[ISEA2011] Panel: Olli Leino – From Play­ful Strate­gies to Playa­bil­ity

Panel Statement

Panel: Playing the non-playful: On the critical potential of play at the overlap of videogames and electronic art

The tech­no­log­i­cal make-up and in­ter­face con­ven­tions of many elec­tronic art­works in­vite con­fig­u­ra­tive au­di­ence prac­tices which re­sem­ble those we are fa­mil­iar with from the con­text of com­puter game play. Thus it is not sur­pris­ing that some con­tem­po­rary crit­ics have seen it nec­es­sary to be con­cerned about the as­so­ci­a­tions be­tween play and media art. Pre­vi­ously at ISEA2008, Daniel Palmer in The Crit­i­cal Am­biva­lence of Play in Media Art, con­cerned with media art’s “as­so­ci­a­tion with en­ter­tain­ment spec­ta­cle” sug­gested that if “media art as­pires to be taken se­ri­ously by the broader con­tem­po­rary art world, the links be­tween media art, chil­dren and mass cul­ture are fatal.” In this pre­sen­ta­tion I seek to clar­ify the ori­gins of the link­age per­ceived by Palmer, by recon­cep­tu­al­is­ing the play-com­po­nent ev­i­dent in new media art through de­scrib­ing it si­mul­ta­ne­ously as a styl­is­tic strat­egy, play­ful­ness, with its roots deep in art his­tory, and as a tech­no­log­i­cal af­for­dance, playa­bil­ity, invit­ing a unique kind of en­gage­ment best con­cep­tu­al­ized through ex­is­ten­tial­ist terms of free­dom and re­spon­si­bil­ity. Rec­og­niz­ing play­ful­ness and playa­bil­ity as sep­a­rate char­ac­ter­is­tics, I ob­serve that their co­ex­is­tence in new media art is ac­ci­den­tal rather than es­sen­tial, and there is room for a va­ri­ety of artis­tic strate­gies for ne­go­ti­at­ing their in­ter­re­la­tions.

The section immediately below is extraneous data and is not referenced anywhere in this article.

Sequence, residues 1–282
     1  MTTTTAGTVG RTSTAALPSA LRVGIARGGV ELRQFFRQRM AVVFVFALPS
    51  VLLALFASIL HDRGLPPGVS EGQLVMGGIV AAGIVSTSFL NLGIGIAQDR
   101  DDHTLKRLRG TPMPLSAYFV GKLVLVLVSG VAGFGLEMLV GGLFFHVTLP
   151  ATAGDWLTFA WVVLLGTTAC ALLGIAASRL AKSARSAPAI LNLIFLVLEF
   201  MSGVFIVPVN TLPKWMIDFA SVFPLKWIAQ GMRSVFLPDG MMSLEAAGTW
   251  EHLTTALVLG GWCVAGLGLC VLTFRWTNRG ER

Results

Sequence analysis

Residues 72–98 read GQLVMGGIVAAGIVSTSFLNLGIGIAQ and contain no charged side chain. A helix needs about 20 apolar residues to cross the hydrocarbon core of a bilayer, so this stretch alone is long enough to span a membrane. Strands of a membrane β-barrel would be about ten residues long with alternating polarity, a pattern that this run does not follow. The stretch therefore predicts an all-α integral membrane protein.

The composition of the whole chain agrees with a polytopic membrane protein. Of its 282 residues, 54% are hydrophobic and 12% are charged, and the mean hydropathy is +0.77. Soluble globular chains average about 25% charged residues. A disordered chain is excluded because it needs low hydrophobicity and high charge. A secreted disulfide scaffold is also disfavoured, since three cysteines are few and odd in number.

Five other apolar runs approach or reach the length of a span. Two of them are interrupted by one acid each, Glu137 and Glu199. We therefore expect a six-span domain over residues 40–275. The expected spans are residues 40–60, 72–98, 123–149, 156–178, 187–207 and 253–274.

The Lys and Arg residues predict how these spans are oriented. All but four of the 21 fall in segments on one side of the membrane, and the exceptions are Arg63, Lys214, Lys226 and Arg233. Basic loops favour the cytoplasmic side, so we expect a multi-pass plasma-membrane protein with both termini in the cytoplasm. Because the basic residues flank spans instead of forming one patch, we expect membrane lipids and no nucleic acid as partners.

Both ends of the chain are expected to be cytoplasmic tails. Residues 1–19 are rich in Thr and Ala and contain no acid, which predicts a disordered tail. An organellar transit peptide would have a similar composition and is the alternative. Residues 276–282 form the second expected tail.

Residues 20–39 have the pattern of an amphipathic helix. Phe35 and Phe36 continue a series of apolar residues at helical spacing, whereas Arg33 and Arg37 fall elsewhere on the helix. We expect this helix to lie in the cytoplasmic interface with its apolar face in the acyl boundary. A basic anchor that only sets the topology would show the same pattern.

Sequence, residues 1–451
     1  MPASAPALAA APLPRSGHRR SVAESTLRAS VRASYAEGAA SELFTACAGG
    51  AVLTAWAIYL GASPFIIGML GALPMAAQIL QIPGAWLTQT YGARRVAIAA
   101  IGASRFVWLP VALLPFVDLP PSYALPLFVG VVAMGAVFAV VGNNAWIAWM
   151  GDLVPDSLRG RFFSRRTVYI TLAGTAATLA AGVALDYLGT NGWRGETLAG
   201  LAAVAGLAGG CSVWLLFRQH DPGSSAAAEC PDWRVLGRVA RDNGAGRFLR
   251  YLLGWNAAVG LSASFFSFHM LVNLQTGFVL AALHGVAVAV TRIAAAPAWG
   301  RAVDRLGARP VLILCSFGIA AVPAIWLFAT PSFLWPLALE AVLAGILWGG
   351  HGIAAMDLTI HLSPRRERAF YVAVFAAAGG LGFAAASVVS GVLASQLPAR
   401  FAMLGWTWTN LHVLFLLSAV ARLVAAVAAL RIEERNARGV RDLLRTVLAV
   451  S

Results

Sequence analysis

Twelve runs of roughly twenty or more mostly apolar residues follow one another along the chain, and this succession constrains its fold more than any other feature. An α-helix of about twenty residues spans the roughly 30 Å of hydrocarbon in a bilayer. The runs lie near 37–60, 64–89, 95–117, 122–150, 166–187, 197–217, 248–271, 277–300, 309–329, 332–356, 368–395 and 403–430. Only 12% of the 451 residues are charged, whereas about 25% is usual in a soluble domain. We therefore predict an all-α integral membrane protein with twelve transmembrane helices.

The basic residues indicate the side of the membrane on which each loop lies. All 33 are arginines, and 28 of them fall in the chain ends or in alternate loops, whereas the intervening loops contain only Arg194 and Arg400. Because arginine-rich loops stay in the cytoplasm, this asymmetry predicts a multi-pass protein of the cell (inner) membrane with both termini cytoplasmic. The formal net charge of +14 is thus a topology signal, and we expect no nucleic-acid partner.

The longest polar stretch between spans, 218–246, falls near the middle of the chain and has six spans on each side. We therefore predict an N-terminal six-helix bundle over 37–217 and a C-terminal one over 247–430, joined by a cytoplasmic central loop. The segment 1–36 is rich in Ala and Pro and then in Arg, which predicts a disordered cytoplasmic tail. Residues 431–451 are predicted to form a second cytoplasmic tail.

• Olli Tapio Leino is a new media scholar fo­cus­ing on com­puter games, in­ter­ac­tive art and con­tem­po­rary media cul­ture from the per­spec­tives of crit­i­cal lu­dol­ogy, phi­los­o­phy of tech­nol­ogy and ex­is­ten­tial  phe­nom­e­nol­ogy. He earned his PhD from the Cen­ter for Com­puter Games Re­search at the IT Uni­ver­sity of Copen­hagen, Den­mark. His PhD dis­ser­ta­tion Emo­tions in Play: On the con­sti­tu­tion of emo­tion in soli­tary com­puter game play is a phe­nom­e­no­log­i­cal analy­sis of the re­la­tion­ship be­tween a com­puter game’s ma­te­ri­al­ity and the player’s  emo­tional ex­pe­ri­ence. Olli has pub­lished in the fields of game stud­ies, new media art and phi­los­o­phy of com­puter games. He has been in­volved in con­sul­tancy and ap­plied re­search pro­jects on com­puter game player’s ex­pe­ri­ence, game de­sign for emo­tions, and per­va­sive and mo­bile media. In his cur­rent re­search Olli seeks to com­bine game stud­ies  with crit­i­cal aes­thet­ics and media ar­chae­ol­ogy in order to as­sess the role of playa­bil­ity at the over­laps of in­ter­ac­tive art and com­puter games and to re­think the sed­i­mented as­sump­tions un­der­ly­ing the par­a­digm  of game stud­ies.

Full text (PDF) p. 1496-1501